For you, it is the time of the current pandemic that you need to deal with. I don ́t really want to write about it anymore, however,it appears that Covid-19 is going to stay with us for a bit longer.

We have approached Covid with great caution and respect since the very beginning. There are not only numerous zoologists among us, but biologists too. We have never underestimated the danger of Covid and have sometimes even had stricter precautions towards our visitors and employees than those of the government. For example, we closed our pavilions very early on with the aim to mitigate the spread of the infection. We still respect Covid these days. My concerns about the impact of the whole situation may have been even greater than what reality has shown us so far. I am saying “so far” deliberately because we are aware it is not over yet. There are dynamics in the disease itself as well as the connected economic implications. At the very beginning, we have implemented serious restrictions in the form of austerity measures and with time we also started reaching out to the public for help. If we thought the pandemic had finished today, we could assess that we managed it very well. Some resources were saved and in other cases our financial reserves were used, and some items were covered by the establishment or by using donations from the public. However, the pandemic is not yet over, and concerns over it are still justified. Some of our greatest business partnerships are indicating to us that funding will be limited. We are witnessing increasing costs everywhere. This interview is supposed to be timeless therefore we should avoid further discussion on energy prices. So, we are constantly focusing on reducing our operation costs. Fortunately, our investments have not been affected yet. We are prepared for the fact that the economically lean period is not over yet.

How did the animals manage the situation, did any of them suffer from Covid? People missed the zoo, especially families with children. Did the animals miss us too?

There were some cases of Covid-19 among gorillas and felines. Fortunately, they were only mild cases. Ill animals had runny eyes and noses, some experienced mild respiratory problems. This could not have been prevented. The keepers maintain close contact with the animals and the delta variant proved to be highly contagious. “Did the animals miss the people?” is a question I am often asked. The answer covers two issues. The first is change. When people suddenly disappear, animals can feel the change. And each change causes vigilance and fear. After all, this does not apply only to animals but humans too. When you don ́t have an explanation for a change, it disturbs you. The other issue is connected to the fact that for some animals, the visitors represent a welcome distraction. Sometimes I say that the same way people observe the animals in the zoo, the animals observe the visitors too, often with the same level of interest. In such cases, the visitors function as a certain form of enrichment of animal life.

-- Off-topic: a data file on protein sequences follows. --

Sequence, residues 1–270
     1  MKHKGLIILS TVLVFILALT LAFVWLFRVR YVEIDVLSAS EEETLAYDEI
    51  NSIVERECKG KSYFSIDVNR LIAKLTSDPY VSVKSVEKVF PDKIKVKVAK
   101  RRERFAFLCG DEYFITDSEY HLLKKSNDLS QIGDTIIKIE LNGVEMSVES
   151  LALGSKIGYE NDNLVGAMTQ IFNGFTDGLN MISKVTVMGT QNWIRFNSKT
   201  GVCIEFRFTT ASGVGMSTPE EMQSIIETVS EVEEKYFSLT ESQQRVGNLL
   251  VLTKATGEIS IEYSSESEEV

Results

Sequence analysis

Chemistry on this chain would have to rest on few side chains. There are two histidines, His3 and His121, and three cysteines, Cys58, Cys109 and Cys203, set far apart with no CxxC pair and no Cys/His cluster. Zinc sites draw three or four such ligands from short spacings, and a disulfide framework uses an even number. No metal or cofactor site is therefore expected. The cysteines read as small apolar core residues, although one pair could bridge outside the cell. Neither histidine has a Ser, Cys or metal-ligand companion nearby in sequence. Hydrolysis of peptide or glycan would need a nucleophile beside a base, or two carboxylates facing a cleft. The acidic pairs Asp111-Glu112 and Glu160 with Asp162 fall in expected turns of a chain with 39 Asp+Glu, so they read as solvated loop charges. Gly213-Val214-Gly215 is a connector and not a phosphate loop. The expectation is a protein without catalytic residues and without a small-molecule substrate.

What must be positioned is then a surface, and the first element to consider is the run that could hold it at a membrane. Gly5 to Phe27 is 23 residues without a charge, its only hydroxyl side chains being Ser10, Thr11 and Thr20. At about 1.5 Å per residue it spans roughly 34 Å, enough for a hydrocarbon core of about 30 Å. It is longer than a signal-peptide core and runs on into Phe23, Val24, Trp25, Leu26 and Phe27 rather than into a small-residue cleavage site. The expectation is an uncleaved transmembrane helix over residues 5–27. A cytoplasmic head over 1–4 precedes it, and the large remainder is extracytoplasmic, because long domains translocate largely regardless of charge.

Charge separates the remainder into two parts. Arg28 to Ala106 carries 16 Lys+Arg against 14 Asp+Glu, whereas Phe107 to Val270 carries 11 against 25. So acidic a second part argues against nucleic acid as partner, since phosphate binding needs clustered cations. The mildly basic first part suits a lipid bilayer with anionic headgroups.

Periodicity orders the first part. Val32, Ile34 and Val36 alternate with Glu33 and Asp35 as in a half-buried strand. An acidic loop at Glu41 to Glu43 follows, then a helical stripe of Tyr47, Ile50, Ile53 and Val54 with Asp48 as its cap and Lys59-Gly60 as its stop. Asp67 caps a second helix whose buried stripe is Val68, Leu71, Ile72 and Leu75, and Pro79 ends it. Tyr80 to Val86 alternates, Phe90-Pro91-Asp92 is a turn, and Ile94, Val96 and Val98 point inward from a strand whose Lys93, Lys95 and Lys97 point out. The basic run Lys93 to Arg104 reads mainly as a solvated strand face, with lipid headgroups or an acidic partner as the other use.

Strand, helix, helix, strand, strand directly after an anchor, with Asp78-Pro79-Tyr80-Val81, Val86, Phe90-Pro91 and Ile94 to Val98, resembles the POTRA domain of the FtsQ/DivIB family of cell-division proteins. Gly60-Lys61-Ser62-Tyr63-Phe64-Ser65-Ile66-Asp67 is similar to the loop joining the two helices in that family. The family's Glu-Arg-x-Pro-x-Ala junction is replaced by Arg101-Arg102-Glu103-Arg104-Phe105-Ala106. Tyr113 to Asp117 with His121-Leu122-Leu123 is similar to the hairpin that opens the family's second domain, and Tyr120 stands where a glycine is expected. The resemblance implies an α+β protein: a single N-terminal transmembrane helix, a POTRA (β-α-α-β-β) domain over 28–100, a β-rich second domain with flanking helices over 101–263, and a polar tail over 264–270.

Let us go back to the funding. How successful are you these days in fundraising? In addition to the already mentioned WAZA award, the media has reported a generous inheritance being bequeathed.

First, I would like to mention adoptions or sponsoring the animals, purchasing meal tickets for them and other similar forms of support they are not only valuable economically to us, but they also mean a great deal of encouragement for us. The inheritance of eight digits that you have mentioned represents really a prominent bequest. Partly it is cash and partly real estate. We are incredibly happy that people think of us in their final testaments. It was thanks to patronage that Prague Zoo was created in the first place. People do not know much about the bequest of Alois Svoboda, a big Troja landowner, patriot and benefactor who donated Troja Château and a large piece of land in Troja to the Czechoslovak state, where Prague Zoo and Botanical Garden were established later. Rakos ́ house for rare parrots holds the legacy of a recognised bird breeder Stanislav Rákos enabled us to build the house, with the support of his wife. Of course, we also appreciate the above-mentioned bequest, which at the same time means a great commitment for us.

The Czechs are considered generous donors, especially in one-time campaigns. When helping Australia, we raised more than twenty-three million Czech Crowns. Are you successful in facilitating a longterm cooperation with donors?

Yes, burnt koalas who became the symbol of burning Australia raised great sympathy and solidarity. In a similar way, people responded to our appeal during the pandemic, and we received help in the form of animal adoptions. During the first phase of the pandemic, we were careful about our requests for help. Unlike the floods, when we were asking for help really intensively. With all due respect to those affected by the floods, they did not hit such a great part of the population. At the time when the Covid pandemic was just starting, it seemed like almost everybody would be in need of some help. Later, we started asking for help, however, we refrained from statements like “the animals will die if you don ́t support us” it wouldn ́t have been true.